July 20th, 2024

Students warming those in need with ‘Blankets of Hope’

By Alejandra Pulido-Guzman - Lethbridge Herald on February 17, 2024.

Herald photo by Alejandra Pulido-Guzman Children of St. Martha school students create messages of hope to be distributed to those less fortunate along with a blanket, during a Blankets of Hope assembly Friday at the school's gymnasium.

LETHBRIDGE HERALDapulido@lethbridgeherald.com

Students at Children of St. Martha School are spreading warmth with “Blankets of Hope” not only warm the less fortunate with a blanket, but also to warm their spirits with kind messages.

Blankets of Hope is a movement of kindness that was initiated by Brooklyn brothers Mike and Nick Fiorito in 2016. What started as a family project to spread some warmth to those living on the streets of New York City, has evolved into a global movement.

Kindergarten teacher Laurie McIntosh, said Friday the school has been blessed to be the only school in Canada to receive the blankets.

“This year we’re the only school in Canada once again to receive the blankets for free. We received 240 blankets to which a note of hope will be attached, each written by someone in our school community,” said McIntosh.

Those messages were written Friday after students watched a video provided by the Fiorito brothers, in which they asked the students to imagine what it would be like living in the streets and receiving a blanket with a note attached to it.

“The kids will attach the notes to the blankets, give them a nice last squeeze full of hope, and then they’ll be passed on to those who need them,” said McIntosh.

She explained the blankets will be distributed through multiple organizations that are involved with the less fortunate in the community, while some of the blankets will be distributed among people that are known to some of the students, who unfortunately are no longer part of their lives, and who need them as well.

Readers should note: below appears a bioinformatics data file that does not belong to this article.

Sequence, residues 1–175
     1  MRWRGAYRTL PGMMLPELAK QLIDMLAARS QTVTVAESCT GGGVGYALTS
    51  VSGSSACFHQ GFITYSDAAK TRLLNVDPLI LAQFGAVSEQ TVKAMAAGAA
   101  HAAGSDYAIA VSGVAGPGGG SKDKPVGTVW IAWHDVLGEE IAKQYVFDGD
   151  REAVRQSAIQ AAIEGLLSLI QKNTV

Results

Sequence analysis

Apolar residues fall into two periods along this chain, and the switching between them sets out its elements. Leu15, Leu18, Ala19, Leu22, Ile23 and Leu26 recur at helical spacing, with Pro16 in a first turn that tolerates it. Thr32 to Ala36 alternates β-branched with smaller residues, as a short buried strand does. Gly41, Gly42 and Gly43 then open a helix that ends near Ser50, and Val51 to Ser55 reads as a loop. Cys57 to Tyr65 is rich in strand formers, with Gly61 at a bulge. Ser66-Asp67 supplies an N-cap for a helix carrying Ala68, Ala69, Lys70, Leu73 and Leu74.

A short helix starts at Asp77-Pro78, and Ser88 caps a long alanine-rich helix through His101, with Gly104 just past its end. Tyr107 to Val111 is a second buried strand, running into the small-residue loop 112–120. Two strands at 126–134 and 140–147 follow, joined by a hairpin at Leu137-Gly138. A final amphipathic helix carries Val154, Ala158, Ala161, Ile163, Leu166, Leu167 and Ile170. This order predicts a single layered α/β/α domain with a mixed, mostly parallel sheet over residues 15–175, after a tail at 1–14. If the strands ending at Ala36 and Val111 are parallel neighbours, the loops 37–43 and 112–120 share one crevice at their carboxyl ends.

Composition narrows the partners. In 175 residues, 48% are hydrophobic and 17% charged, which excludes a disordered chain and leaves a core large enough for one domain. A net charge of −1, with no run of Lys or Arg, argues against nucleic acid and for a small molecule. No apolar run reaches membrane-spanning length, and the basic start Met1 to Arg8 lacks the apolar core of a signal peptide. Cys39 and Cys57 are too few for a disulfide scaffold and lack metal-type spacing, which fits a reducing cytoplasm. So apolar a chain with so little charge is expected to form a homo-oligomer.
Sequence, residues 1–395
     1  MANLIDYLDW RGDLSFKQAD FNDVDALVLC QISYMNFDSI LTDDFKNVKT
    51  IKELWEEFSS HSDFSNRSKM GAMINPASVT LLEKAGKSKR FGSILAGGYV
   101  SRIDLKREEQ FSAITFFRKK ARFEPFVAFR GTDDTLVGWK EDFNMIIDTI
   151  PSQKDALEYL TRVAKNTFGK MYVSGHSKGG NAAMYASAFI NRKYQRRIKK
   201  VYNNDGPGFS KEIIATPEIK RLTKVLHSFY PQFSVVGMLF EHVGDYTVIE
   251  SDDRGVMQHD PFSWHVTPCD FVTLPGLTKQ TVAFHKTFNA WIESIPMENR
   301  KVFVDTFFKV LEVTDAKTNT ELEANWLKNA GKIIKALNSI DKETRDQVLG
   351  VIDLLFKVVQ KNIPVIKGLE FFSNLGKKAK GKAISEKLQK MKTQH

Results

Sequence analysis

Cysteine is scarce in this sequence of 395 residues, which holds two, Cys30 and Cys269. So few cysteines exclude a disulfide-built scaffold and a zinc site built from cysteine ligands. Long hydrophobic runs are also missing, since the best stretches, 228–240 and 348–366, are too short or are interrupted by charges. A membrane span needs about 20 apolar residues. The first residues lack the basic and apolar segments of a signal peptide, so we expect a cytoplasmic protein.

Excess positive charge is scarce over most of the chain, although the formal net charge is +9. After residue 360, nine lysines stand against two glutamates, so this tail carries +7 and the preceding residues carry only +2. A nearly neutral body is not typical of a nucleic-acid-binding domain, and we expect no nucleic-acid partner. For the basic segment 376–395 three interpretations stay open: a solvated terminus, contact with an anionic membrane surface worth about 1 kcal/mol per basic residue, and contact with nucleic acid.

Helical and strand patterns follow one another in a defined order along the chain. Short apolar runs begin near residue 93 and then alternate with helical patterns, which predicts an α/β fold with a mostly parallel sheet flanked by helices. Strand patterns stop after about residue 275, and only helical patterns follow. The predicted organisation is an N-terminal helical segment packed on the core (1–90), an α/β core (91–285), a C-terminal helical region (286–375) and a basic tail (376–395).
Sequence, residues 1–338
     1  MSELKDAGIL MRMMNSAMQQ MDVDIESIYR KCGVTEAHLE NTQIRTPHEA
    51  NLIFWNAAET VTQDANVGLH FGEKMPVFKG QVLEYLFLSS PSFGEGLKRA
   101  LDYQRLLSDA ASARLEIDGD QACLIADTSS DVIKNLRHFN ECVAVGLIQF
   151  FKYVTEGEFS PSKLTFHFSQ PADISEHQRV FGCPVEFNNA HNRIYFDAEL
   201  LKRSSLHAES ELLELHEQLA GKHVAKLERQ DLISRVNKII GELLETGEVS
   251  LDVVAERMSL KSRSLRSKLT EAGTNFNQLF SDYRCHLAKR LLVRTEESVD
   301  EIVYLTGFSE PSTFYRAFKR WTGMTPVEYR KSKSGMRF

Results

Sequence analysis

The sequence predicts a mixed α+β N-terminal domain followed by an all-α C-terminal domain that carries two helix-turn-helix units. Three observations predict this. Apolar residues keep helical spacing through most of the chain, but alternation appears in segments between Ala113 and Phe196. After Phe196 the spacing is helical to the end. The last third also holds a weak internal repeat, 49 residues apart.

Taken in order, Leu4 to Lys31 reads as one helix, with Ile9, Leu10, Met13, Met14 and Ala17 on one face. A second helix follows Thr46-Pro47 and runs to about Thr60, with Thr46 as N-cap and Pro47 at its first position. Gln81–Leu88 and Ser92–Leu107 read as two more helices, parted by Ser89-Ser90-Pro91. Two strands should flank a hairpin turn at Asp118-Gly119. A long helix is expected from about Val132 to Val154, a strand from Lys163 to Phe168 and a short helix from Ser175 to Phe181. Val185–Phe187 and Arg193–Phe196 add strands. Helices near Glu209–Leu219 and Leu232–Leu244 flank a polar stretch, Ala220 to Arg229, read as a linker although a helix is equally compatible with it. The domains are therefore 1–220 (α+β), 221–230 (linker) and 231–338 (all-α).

“We just like to embrace this time and just really show love and empathy, not just to people we don’t know, but also to those who maybe aren’t part of our students’ lives anymore.”

One of the organizations that will distribute Blankets of Hope to those less fortunate is the Sage Clan. A representative was at the school to witness the process before receiving the blankets for distribution.

Sage Clan’s Brandon Barungan spoke to the Herald while the students created their messages of hope and said there were two distinct benefits from the blankets to those who will receive them.

“First of all, the very real and physical benefit of having a blanket when it’s cold out,” said Barungan. “A blanket means a lot for each individual person that’s out there. And secondly, as much as the Sage Clan does, we do more together with the backing of the broader community.”

He said since not everyone is able or has the time to come out and pull a wagon, these gestures and efforts that are made by members of the community really make a difference.

“We feel hopeful for the future of this community. I think people are starting to catch on that it’s not just a nameless figure hunched over walking down the sidewalk, but that’s somebody’s brother, sister, mom or dad.”

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